The early 70s represents a utopian Hollywood in which rebels didn't just infiltrate the backlots, they damn near took it over. The ascent of the hippie movement and the rise of the film-brat generation intertwined and overlapped considerably, a great example of this is 1973's masterful Electra Glide In Blue. Wrongly perceived as right wing upon its Cannes première, it arrived at a time when law enforcement battled President Nixon for bragging rights as the counterculture's top boogeyman. The movie revolves around a straight-arrow cop who uses the iconic image of Peter Fonda and Dennis Hopper in Easy Rider as his target at the gun range. That audacious bit of provocation suggests that it be read as a moody answer to Easy Rider, but that description only scratches the surface of its iconoclastic genius. The main character is a sharply attired, diminutive Arizona motorcycle cop who longs to trade in his uniform for a detective's badge, and gets his chance when a recluse is killed on his watch. In his introduction to his sole directorial effort, producer-director-composer James William Guercio describes Electra Glide as a contemporary Western where the cowboys ride motorcycles instead of mustangs, in another parallel to Easy Rider. The leather jacket was a key device in conveying this to the audience. But the film arrived at a tumultuous time when the old divisions between cowboy and Indian, black hat and white hat, and villain and hero were becoming hopelessly blurred. In keeping with the zeitgeist, it's a thriller where solving the central crime seems somewhat irrelevant: Only thinly disguised as a cop movie, Electra is a profound and ultimately tragic meditation on identity, belonging, and the fickleness of the American Dream. It circles around genres only to dismantle and reassemble them in more truthful ways. The lead character's ironclad sense of morality alienates him from both his cop colleagues and the hippies who taunt him, Electra Glide occupies a strange, uncomfortable place in the cultural divide. Clean-cut fans of Westerns and cop movies were no doubt turned off by its ambiguity, deliberate pace, and lack of action, while hippies weren't about to embrace a movie about a heroic cop, no matter how artfully crafted. If had the hippies looked beyond Blake's uniform and haircut, they might have recognised a kindred spirit, a good-hearted and surprisingly open-minded outcast determined to live by his own moral code, no matter the consequences.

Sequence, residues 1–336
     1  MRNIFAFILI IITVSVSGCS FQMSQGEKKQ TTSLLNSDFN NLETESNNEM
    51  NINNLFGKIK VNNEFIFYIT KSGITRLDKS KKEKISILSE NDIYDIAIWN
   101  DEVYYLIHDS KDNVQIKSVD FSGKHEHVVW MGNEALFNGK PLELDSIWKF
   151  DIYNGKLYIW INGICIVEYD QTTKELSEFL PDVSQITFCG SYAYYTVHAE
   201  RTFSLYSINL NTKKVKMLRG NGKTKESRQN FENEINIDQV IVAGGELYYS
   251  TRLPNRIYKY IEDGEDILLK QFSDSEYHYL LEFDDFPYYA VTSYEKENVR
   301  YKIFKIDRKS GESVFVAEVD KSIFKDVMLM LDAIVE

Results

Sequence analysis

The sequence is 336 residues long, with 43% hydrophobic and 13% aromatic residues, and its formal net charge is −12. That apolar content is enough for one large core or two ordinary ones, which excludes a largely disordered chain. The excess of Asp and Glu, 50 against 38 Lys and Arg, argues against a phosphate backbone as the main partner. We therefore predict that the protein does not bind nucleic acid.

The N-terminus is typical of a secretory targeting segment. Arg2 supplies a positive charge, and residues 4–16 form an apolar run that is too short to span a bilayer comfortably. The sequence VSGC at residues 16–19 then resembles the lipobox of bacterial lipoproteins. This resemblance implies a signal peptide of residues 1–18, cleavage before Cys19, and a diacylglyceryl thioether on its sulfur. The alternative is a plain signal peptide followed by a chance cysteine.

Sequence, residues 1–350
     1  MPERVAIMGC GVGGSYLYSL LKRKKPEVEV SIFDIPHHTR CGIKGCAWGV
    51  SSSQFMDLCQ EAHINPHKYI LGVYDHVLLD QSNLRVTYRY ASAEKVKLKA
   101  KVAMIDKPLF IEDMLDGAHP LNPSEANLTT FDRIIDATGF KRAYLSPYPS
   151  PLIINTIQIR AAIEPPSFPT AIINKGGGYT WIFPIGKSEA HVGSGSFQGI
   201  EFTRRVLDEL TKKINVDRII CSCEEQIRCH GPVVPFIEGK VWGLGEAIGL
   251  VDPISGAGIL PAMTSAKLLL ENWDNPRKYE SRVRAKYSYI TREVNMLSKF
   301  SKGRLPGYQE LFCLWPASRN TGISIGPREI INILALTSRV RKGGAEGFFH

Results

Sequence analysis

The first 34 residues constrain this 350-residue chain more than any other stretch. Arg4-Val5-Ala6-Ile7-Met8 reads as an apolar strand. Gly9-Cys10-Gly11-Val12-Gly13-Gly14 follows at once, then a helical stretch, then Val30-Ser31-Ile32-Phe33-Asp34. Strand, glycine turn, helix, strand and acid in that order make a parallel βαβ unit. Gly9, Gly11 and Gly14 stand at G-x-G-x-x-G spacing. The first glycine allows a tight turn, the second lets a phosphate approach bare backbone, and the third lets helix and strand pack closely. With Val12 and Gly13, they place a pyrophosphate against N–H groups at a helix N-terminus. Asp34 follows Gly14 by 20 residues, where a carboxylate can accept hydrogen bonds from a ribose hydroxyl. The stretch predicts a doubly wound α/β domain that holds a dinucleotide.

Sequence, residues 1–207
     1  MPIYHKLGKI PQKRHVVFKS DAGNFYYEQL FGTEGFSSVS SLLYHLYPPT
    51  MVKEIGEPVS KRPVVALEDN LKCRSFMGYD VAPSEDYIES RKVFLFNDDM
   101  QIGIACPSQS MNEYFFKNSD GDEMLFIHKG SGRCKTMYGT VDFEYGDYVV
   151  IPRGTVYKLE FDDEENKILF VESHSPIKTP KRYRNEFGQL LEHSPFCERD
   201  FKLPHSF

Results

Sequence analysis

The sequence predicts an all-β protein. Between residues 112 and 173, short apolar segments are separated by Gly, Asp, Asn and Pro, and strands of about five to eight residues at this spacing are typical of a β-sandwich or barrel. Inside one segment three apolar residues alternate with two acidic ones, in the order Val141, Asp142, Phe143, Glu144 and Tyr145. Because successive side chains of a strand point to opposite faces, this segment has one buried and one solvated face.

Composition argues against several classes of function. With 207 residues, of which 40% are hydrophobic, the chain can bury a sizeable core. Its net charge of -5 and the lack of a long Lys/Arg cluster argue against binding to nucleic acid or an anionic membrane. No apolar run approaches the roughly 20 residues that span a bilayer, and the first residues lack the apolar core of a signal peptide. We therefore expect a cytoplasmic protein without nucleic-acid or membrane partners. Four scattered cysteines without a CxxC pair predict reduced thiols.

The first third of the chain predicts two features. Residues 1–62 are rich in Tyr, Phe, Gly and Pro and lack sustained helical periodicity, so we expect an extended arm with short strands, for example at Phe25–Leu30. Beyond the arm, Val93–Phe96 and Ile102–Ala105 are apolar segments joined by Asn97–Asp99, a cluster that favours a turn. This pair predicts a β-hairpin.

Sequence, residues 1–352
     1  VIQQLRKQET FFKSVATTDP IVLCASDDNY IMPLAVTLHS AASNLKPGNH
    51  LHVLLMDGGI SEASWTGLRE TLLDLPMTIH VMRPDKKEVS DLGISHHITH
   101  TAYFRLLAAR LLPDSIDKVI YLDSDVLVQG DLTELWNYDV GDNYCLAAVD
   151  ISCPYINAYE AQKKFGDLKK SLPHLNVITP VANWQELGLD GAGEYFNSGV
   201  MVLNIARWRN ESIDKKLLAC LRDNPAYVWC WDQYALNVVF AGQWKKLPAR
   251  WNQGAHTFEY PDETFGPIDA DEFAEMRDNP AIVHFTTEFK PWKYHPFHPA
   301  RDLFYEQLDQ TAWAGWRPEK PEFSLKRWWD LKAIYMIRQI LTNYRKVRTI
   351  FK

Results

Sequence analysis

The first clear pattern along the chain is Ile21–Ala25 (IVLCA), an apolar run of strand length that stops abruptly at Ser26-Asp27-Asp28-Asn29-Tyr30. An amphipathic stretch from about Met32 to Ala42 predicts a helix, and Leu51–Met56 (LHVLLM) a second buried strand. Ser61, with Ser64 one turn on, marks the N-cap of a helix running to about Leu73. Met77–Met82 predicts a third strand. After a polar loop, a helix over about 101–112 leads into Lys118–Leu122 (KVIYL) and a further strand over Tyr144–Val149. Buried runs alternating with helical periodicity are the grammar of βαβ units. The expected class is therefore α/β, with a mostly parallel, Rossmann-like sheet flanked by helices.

Magnum Force, the 1974 sequel to Dirty Harry arrived around the same time and similarly utilised the CHP's double entendre of cool. Director John Milius’ idea for a story wherein Harry’s commitment to police power would be tested by a cadre of rookie CHP bike cops who secretly assassinate mobsters, drug dealers, and murderers, along with people on the force who stand in their way was groundbreaking. While the script focuses on the blurred lines of morality in law enforcement, whatever it means to say thematically, on an aesthetic level the cop-as-rebel motif is reinforced throughout the movie. The vigilantes are all young, ex military, CHP Motorcycle cops, resplendent in black bike jackets and aviator shades, they look equal parts sharp and threatening, like steely automatons. Steeped in the iconography of the black leather jacket they make Eastwood’s character look positively dated. They walk the Brando Wild One line between outlaw and hero thanks to the ubiquitous uniform. This visual language was again utilised in the 1991 blockbuster Terminator 2, Robert Patrick's Terminator morphs into a CHP officer sporting the quintessential black motorcycle cop jacket and shades during the movie's chase scene.

We’ve captured this effortless cool in our ELMC Highway Star jacket. The jacket takes its silhouette and design features from the classic California Highway Patrol jackets of the 1940s. The flattering cut is neat and very easy to wear. No fuss details give it a lean look which fits any occasion. Buttoned tab cuffs, and matching tab side waist adjusters along with top yoked back give the garment the unmistakable 40s styling that makes this the 'dude' of all jackets. The garment is lined with custom-made EndZone Twill - a fabric we had exclusively produced - which is an extremely high quality luxurious hard-wearing material, that was originally conceived in the 1940s and used in the production of military flight jackets. It is a cotton-backed rayon fabric that has an incredibly dense weave construction giving it a super-slick handle which allows the garment to slide on and off the body effortlessly. The hide is an absolutely deliciously expensive 100% veg-tanned horsehide, in black, which we have had specially developed to exude all the character, handle and texture of those 1940s original garments. Trimmed with period vintage-style, leather thonged, metal zips, corozo buttons to cuffs and waist and a useful inside wallet pocket.Click HERE to view